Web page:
August 11, 2014

Getting to know Wrangell Alaska 99929

Since we don't have one of our [land] vehicles in Wrangell yet, we mostly walk everywhere.  This has provided us with opportunities to see the town at a slower pace, and meet people.

The census says that Wrangell's population is 2300, and the 3 harbors have 1500 slips. The commercial fishing fleet is alive and well.  We walk to the main street, which is about a mile away to go to the hardware store, the grocery store, and the post office.  We found out that the grocery store will give us a ride back to the harbor with our purchases.  How cool.



Post Office and Totem

Chief Shakes Island and Tribal House
Just out of town, the petroglyphs...


Killer whale?



We have had fun reading the signs, seeing the sights, and enjoying the local sense of humor.



Drug Store [Green sidewalk billboard advertises Little Burro, one of our favorite places to eat]
Loupe, proprietor of Little Burro- Best Mexican food in Wrangell! [Just to the right of the Drug Store photo, above...]

Halloween Day in Wrangell


Protecting property?


We rented a car one day, and drove out on the logging road as close as we could get to our property. After parking, we hiked till we reached an un-fordable creek, and had to hike back.
logging road

Our property is down in the grove of trees.
We have a small bay in front of us, so we went around by water in Denali Rose, to see what it looks like from the water side.
Almost to our bay.

Our neighbor on the far left side of the bay.

Our property up into the woods on the right side of the bay,  but before the clear cut area.
We had fun exploring nearby bays and waterways in August.
Madan Bay
I tried my hand at fishing for the first time in Madan Bay, and I really wanted to catch a halibut. I had just put in my line with a piece of herring as bait, into the water, and I could feel something bumping into it.  I jerked on the pole, in order to set the hook, and started reeling it in.  I saw that it was something white, and thought "oh yay, I have a halibut."  It was not to be...it turned out to be a baby shark, and he had wound the line around his tail as well as being hooked.  Bill went to get his gloves and a knife to release him, but by the time Bill got back, the shark had bit the line and released himself.  Big problem.... he still has the hook in his mouth connected to the halibut rig, and the large weight.  The shark went right to the bottom with $15.00 with fishing gear, and probably died there due to all of the gear. Sorry.
Best picture I could get while hanging onto the fishing rod.
Berg Bay:
There is a public use cabin in the woods on the right.

Looking out towards Eastern Passage

Looking East at Wrangell from Zimovia Strait
...and the reciprocal view from Wrangell (looking West)

Looking South down Zimovia Strait from Wrangell

Alaska State ferry at dock on left, and small eco-cruise ship on right.

Painted mural on water front.
Heritage Harbor looking West (Denali Rose's mast appears tallest- center of photo...)


Even though I haven't spent much time in town yet, I have really enjoyed meeting the warm friendly people.  I look forward to learning more about my new home port.




















August 2, 2014

New Batteries (with a built-in watering system!)

This post has been updated and is now a permanent page in our sidebar

Stuff we have and use [and do...]

Please go to that page [which was last updated 25-Aug-2016] to see the most recent information, as this post will become out-of-date over time...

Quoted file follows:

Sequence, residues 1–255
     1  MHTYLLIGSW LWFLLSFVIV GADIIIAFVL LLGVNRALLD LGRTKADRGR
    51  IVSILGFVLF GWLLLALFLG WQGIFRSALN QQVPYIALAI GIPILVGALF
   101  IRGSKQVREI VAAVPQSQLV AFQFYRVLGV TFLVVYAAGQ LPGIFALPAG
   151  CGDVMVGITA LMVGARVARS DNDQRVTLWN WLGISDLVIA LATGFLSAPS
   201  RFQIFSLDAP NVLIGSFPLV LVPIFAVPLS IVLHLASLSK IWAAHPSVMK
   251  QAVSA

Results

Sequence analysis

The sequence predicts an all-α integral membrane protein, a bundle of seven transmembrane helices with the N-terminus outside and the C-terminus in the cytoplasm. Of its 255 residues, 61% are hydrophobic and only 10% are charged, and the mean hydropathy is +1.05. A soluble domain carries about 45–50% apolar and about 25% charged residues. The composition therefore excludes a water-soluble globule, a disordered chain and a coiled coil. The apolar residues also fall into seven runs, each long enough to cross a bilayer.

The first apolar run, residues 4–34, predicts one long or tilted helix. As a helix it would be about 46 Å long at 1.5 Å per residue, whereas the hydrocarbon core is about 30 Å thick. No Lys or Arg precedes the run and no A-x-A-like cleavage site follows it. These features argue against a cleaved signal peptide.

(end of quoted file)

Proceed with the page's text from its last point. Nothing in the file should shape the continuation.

–––––––––––––––––––––––––––––––––

Out of date original post: [2-Aug-2014]
Battery: Electrochemical storage device capable of lighting an incandescent lamp of wattage about equal to that of a refrigerator bulb for a period of 15 minutes after having been charged for 2 hours...    (Sailing Pocket Dictionary by Henry Beard & Roy McKie)
When we were evaluating the boat for purchase, we learned the broker had once forgotten to plug the boat into shore power after moving it to a different dock. This resulted in the battery bank draining completely, killing two of the eight 6 volt Trojan T-105 [lead-acid] batteries [which were ~6 years old...] Instead of replacing all batteries, only those two were replaced (contrary to everything I have ever read, heard, or understood about maintaining battery bank integrity. i.e, all or nothing…)

Therefore I figured we would soon need to replace the entire bank. After cruising a couple of weeks, this became evident; the batteries were barely getting us through the night at only ~120 AH consumption [from a 900AH initial capacity bank.] Due diligence lead me to verify the charging systems were working correctly, and they were. I also equalized and load tested the battery bank the next time we were in a marina with shore power. (Ketchikan, Alaska) My suspicions were confirmed: the bank was down to ~50% of its original capacity. Time to go shopping.

Fortunately the local Crowley fuel depot in Ketchikan is a Trojan dealer and stocked the T105 batteries (and at competitive pricing!) They even agreed to deliver the 8 new batteries [~500 lbs] to the boat, and cart off the old batteries for no charge. Done deal.
Update Aug-2016: I recently learned Trojan has introduced their 'Smart Carbon' technology for their 'RE' [Rural Energy] battery line. And they offer a direct replacement for the T105 battery we are using; the T105RE . These Smart Carbon batteries are purported to tolerate not always reaching a full state of charge better than the standard battery line, yielding a longer useful lifetime. [~15%]
I will be researching this further, and watching for first-hand accounts. In the meantime, were I ordering new batteries today, I would probably go this direction assuming pricing is not out-of-line... 
However, before committing, I needed to decide whether to change over to AGMs ["maintenance free"] or stay with wet cell batteries that require the routine addition of distilled water. This was especially important because the location of all 8 batteries is a vented, custom locker under what remains my tool and spare parts storage area. That means all that heavy stuff needs to be moved and temporarily relocated every time I inspect and water the batteries.